I was born in Karachi on 8 November 1927. My family comprised my parents Kishinchand and Gyanidevi and my younger sister, Sheela. Our house, in a locality called Jamshed Quarters, was built soon after my birth; and so was named ‘Lal Cottage’. It was a fairly spacious, beautifully designed, single-storied bungalow. We had a horse-driven Victoria at home. To outsiders, it may have seemed a status symbol; to me it was a source of curiosity during my early childhood. But curiosity, as they say, ‘kills the cat’, and one day I found myself under one wheel of the Victoria. The wound on my thigh took several days to heal.
There were many Parsi families in a part of Jamshed Quarters known as Parsi Colony and most of them lived in mansions, they being a prosperous community. The old-world charm of these mansions, which is sadly at odds with the rapidly shrinking population of the Parsis, can still be seen in Karachi—and also in Bombay, a city with which Karachi shares close historical ties and many common characteristics. The Advani family belonged to the Amil branch of Sindhi Hindus. Traditionally, the Amil was a revenue official who assisted munshis in the administrative set-up of Muslim kings. It was one of the two main divisions of the Lohano clan which was linked to the Vaishya (business) community. In time, Amils came to dominate government jobs and professions in Sindh. Generally speaking, Hindus in Sindh had a strong tradition of revering the Guru Granth Sahib, the sacred scripture of the Sikhs, Guru Nanak and other Sikh gurus.
My paternal grandfather, Dharamdas Khubchand Advani, was a Sanskrit scholar well settled in life as the principal of a government high school. He passed away before I was born. My father, had four brothers, three elder to him and one younger. The elder three—Gobindram, Parasram and Ramchand—were in Hyderabad, while my father and his younger brother Gopaldas lived in Karachi. Gobindram, a civil servant, retired as Deputy Collector of Hyderabad. Parasram was a lawyer. Ramchand and my father were businessmen, and Gopaldas was a professor of chemistry in D.J. Sindh College, Karachi. As I have mentioned, three of my uncles have the names Gobindram, Ramchand and Gopaldas. By a curious coincidence three of my mamas (maternal uncles) also had those very names!
Karachi and Hyderabad together had a population of approximately six lakhs, mainly Hindus. But with the Amil community confined mainly to these two places, families were quite closely knit. During those days nuclear families were unheard of; large, extended families were the norm. So, when I look back and identify the numerous first cousins I grew up with, I can count as many as thirty-four!
The most vivid memory of my early childhood is the affection I received from everyone in the family, including my grandparents and my three mausis (mother’s sisters). We received a lot of intense love and care as our mother had passed away when I was just thirteen, and Sheela only seven. Indeed, Sheela, who now lives in Mumbai, was brought up almost entirely by our Jamni Mausi and Mausa Chandiram Wadhwani.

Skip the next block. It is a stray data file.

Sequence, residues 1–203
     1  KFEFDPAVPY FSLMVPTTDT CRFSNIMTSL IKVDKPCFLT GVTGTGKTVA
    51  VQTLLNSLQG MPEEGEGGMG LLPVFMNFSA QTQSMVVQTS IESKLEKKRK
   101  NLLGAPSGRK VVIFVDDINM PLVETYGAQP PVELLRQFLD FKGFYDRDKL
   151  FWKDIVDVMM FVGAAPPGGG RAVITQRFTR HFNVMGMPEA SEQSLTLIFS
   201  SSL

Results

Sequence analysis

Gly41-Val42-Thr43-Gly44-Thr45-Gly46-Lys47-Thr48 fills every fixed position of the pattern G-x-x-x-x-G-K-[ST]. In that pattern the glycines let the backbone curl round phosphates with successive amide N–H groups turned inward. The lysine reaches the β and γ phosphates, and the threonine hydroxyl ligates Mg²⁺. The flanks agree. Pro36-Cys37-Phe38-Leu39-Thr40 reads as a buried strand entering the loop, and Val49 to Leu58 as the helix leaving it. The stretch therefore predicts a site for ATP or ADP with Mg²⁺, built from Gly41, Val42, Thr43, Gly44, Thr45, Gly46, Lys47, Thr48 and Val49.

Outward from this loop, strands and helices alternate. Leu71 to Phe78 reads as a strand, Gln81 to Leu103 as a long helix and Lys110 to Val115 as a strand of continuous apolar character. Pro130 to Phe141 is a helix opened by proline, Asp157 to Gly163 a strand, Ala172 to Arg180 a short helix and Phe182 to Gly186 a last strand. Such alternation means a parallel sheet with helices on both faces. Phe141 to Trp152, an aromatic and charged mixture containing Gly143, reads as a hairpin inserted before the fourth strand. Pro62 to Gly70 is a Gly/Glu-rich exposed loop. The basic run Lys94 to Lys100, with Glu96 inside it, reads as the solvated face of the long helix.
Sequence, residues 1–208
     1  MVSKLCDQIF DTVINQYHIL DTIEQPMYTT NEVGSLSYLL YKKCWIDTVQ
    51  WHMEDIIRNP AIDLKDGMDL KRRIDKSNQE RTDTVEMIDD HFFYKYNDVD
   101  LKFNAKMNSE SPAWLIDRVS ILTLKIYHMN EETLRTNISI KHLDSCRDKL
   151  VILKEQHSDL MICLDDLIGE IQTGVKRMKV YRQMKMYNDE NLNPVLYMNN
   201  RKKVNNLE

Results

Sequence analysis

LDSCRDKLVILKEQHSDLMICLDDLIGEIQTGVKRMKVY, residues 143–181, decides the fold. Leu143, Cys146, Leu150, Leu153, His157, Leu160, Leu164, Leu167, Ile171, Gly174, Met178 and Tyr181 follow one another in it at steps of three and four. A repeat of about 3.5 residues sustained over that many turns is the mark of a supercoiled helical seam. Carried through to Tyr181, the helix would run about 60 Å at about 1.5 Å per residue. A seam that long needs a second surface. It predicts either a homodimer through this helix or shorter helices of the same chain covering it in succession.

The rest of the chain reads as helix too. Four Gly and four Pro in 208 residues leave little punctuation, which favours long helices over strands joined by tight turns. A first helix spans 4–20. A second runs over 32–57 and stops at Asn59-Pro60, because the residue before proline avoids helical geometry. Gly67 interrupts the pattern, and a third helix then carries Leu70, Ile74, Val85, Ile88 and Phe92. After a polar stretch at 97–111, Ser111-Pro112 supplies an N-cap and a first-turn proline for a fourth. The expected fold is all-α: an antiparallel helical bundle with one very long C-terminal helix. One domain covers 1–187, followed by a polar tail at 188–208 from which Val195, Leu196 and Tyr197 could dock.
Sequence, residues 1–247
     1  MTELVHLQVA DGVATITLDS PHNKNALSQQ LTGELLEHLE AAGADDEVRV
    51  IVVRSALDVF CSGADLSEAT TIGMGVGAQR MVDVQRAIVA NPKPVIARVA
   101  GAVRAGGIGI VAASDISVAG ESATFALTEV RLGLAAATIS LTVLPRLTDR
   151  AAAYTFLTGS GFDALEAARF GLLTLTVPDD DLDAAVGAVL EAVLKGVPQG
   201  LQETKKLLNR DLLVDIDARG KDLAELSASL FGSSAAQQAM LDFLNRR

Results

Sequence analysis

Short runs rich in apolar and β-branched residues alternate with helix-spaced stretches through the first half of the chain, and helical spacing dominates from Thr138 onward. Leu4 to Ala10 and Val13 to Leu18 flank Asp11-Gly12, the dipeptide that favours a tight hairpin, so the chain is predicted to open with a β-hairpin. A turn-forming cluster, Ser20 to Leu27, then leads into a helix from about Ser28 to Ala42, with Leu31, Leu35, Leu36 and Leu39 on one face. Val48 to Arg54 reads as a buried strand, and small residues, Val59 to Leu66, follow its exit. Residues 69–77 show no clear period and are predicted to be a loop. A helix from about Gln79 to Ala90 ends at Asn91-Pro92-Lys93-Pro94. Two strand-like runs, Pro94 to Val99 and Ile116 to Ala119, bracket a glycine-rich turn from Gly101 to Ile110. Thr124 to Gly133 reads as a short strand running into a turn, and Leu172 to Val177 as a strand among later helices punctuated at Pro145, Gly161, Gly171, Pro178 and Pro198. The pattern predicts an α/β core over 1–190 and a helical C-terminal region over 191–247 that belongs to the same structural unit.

I have very fond memories of my childhood. Even the trauma of Partition, which forced our family, like lakhs of other Hindu and Sikh families in Sindh, to migrate to this part of undivided India, has not erased those memories. On the contrary, these memories have become all the more precious because of my family’s forced separation from our homeland, in which I spent the first twenty years of my life.
The one person who had the greatest influence on my personality in my childhood years was my father. He was a gentle human being who embodied simplicity, and without any overt preaching, he quietly shaped my mind with his impeccable conduct. I was extremely attached to my mother as well, but after she passed away it was from my father that I received both love and guidance.
THE ATMOSPHERE OF PAVITRATA AT HOME
As I look back, what strikes me most about the atmosphere in our household was the pervasive air of pavitrata (piousness and purity). Most Hindus in those days were Nanakpanthis—followers of Guru Nanak, the founder of Sikhism. Indeed, the main ‘deity’ in our home was the Granth Sahib. We would not only pray to it, but my grandmother also used to read from it everyday, in the presence of all the family members.
Sikh ritualism was part of the family’s tradition, and the Granth Sahib was duly venerated and recited regularly not just by my grandmother, but also by my mother and elders. No wonder, even as a child, my awareness about my own birthday was not simply that I was born on 8 November 1927, but that it was just a day after Guru Nanak Jayanti, which falls on Kartik Poornima (the night of the full moon as per the Hindu calendar in the month of Kartik). I also recall that on my birthday there used to be an akhand paath (full and continuous reading from the Granth Sahib), followed by bhog (consecrated meal).
I vividly recalled the precious tradition of religious harmony in Sindh. Temples and gurdwaras were both accepted as abodes of God and all Hindus went there to offer prayers. Hindus would join the celebrations of Nanak Jayanti and Guru Gobind Singh Jayanti at gurdwaras, where Diwali and Dusshera festivities were also held. I was completely unaware that those who wore beards and those who did not, belonged to different faiths. In fact, as far as Hindus and Sikhs are concerned, it is only after migrating to this part of India after Partition that, for the first time, I began to hear and understand that the two are different communities. It was also common for Hindus to pay homage at the shrines of Sufi saints and for Muslims to celebrate Hindu festivals. These are the pluralist samskaras (traditions) which were passed on to me as a child and have shaped my personal ethics since.